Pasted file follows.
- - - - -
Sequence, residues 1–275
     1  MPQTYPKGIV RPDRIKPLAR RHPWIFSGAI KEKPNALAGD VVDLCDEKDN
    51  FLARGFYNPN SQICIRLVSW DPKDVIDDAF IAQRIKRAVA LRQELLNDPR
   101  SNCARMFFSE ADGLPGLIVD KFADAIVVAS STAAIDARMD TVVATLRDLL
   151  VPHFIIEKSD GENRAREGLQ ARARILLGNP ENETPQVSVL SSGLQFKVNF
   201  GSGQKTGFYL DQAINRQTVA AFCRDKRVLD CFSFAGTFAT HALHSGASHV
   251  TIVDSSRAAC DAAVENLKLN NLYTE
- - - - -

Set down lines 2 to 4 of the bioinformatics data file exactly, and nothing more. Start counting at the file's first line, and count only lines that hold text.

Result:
     1  MPQTYPKGIV RPDRIKPLAR RHPWIFSGAI KEKPNALAGD VVDLCDEKDN
    51  FLARGFYNPN SQICIRLVSW DPKDVIDDAF IAQRIKRAVA LRQELLNDPR
   101  SNCARMFFSE ADGLPGLIVD KFADAIVVAS STAAIDARMD TVVATLRDLL